Today is Thanksgiving Day here in the United States, a day of giving thanks and expressing gratitude for all of the gifts in each of our lives. Thanksgiving as a cultural holiday is all about turkeys and stuffing, pumpkin pies, laughing with family, watching football, playing board games…so many different ways for families to come together and share their joy with one another. For many families it also involves saying Grace at the dinner table.
I remember as a kid being very uncomfortable with this concept. I didn’t come from a particularly religious family, so for me saying Grace was synonymous with praying. It was something that religious families did, something that for me involved that awkward and elusive word “God.” It was simply something that was not part of my vocabulary and it was definitely something that felt a bit too ritualistic for my taste.
I have now realized that while saying Grace is a practice performed by many different religions and spiritual traditions all over the world, at its core the concept really has nothing to do with the institution of religion itself. Grace is simply about the attitude of being grateful, expressing joy for all of the beautiful things in your life. It is not about wishing for more, but instead it is about being grateful for exactly what you have, whatever or however little that is. And I have also realized that it is far more than just a mere ritual of words. The act of saying Grace, the proactive and conscious practice of gratitude has much, much more power than one might possibly imagine.
Brother David Steindl-Rast, a Benedictine monk, has spent his whole adult life centered in and sharing the practice of gratitude and gratefulness. He explains gratitude as having two inter-related branches: one is gratefulness and the other is thanksgiving. He describes gratefulness using the image of a bowl, as a representation of life. As one has the experience of feeling so appreciative, so full of gratitude, their bowl gets filled to the brim, just to the point where it is almost overflowing. You’ve all felt this sensation at some point in your lives: When you are so grateful for something that has occurred to you, perhaps the news that you landed the dream job, perhaps a dear friend or family member giving birth to a healthy baby. Whatever the situation may be, you are so elated and bubbling over with joy that you feel the sensation of the bowl filling up with happiness and gratefulness.
As you focus on these jubilant life situations and wonderful emotions, as you feel the overwhelming sense of gratitude and appreciation, the bowl gets so full that it begins to overflow into the second branch of gratitude: thanksgiving. As a result of feeling the ecstasy of the absolute fullness of life, you now begin to attract beautiful things back into your life. As your own gratefulness overflows, thanksgiving brings ever more bounty into your life. And as you begin to become aware of and consciously focus on your feelings of gratitude, you notice that as they get more powerful and more a regular part of your life, so too does the flow of abundance into your life.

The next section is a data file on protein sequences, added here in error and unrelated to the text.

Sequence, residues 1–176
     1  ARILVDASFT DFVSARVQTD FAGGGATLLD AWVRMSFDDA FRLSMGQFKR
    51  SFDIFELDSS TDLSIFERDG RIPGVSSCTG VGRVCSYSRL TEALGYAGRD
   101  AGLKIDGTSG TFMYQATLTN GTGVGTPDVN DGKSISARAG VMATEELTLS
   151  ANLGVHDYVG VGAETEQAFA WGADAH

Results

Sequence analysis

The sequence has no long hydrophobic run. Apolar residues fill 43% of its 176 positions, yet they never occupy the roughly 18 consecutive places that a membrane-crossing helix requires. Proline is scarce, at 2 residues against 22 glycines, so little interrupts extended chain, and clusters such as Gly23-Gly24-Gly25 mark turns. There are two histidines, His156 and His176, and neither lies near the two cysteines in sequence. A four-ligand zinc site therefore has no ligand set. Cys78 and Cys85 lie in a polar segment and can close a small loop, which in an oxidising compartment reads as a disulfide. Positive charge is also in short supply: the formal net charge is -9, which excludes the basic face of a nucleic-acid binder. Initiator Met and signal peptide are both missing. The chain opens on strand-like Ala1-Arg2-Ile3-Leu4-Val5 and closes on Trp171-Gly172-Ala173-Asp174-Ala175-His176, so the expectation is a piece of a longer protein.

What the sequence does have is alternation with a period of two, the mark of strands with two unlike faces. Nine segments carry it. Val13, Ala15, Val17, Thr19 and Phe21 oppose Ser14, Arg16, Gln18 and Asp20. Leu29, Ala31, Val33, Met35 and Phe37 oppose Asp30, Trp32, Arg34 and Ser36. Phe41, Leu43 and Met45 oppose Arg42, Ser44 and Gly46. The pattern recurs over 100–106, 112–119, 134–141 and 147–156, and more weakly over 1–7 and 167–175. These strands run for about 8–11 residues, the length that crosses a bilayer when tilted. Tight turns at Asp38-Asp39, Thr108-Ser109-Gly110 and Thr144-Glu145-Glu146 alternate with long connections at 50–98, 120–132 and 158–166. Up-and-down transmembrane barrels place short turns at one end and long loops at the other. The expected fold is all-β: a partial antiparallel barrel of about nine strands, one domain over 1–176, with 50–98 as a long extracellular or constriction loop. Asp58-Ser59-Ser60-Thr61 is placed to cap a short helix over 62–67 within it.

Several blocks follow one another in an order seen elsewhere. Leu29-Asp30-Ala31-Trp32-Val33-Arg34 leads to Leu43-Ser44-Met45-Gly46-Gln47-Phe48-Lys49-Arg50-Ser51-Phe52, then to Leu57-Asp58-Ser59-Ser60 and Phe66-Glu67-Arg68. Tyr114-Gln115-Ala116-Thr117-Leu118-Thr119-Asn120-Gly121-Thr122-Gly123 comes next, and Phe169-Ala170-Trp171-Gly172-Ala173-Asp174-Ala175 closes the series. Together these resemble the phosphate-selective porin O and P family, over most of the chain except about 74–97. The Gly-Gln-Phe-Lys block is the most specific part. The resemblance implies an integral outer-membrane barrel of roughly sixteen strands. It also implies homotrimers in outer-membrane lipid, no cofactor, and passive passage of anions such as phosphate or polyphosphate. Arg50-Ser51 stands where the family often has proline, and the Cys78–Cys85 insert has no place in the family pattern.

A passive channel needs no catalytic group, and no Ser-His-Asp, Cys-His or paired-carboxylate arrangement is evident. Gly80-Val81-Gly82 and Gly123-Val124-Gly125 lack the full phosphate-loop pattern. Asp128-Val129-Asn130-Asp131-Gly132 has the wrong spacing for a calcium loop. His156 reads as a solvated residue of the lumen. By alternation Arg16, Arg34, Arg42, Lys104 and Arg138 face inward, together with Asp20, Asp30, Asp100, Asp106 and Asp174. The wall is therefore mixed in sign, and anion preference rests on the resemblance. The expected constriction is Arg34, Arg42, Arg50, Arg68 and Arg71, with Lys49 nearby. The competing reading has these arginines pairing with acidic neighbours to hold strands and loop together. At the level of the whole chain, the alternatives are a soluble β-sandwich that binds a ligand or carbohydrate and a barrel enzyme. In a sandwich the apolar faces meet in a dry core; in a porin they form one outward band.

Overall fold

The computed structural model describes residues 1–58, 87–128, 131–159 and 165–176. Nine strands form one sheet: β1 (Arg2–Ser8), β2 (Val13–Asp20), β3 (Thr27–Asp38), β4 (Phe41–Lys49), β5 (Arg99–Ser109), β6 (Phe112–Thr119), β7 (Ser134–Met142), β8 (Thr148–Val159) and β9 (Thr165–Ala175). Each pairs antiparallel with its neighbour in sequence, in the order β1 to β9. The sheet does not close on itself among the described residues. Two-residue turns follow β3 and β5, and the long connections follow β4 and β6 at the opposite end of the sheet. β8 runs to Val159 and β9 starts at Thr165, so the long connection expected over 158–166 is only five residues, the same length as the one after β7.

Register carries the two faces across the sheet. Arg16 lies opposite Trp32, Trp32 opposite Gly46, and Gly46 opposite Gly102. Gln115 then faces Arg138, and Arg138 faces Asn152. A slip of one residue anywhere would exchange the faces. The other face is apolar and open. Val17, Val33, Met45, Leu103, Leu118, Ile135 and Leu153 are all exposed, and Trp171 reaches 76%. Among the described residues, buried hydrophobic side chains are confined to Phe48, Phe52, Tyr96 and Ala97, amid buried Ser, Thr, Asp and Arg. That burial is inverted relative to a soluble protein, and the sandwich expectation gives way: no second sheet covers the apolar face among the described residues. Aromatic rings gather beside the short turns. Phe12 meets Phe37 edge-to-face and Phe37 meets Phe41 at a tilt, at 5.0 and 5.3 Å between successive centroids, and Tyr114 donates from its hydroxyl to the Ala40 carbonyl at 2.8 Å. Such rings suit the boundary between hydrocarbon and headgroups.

This awesome power of gratitude has become ever more evident to me as I’ve studied more and more about the power of the mind, the power of our thoughts to impact our surroundings and our experiences, the power of our emotions to attract beauty into our lives. As I wrote about recently in my post “The REAL Secret,” our thoughts do have power, both for good and bad. And if we can allow ourselves to live with conscious awareness of what we are thinking and feeling, and if we can harness our thoughts to focus on the beauty, to feel absolute joy and gratitude for any and all of the positive elements in our lives (regardless of what other negative elements may exist), magic will happen. By focusing on that for which we are grateful, by practicing gratitude every single day, by seeking out the beauty and the positivity in every waking moment, we can create our very own cornucopia of abundance.
Looking back on my awkward childhood relationship with the concept of saying Grace, I now look back and nod with understanding. I now get it. I understand why people say Grace and I fully appreciate how powerful a practice it actually is. And while I am still not a religious person and probably will not be holding hands around the Thanksgiving dinner table to say Grace, I realize that I don’t have to. I hold gratitude in my own heart, in my own way, every moment of every day. And my cup (or bowl) runneth over…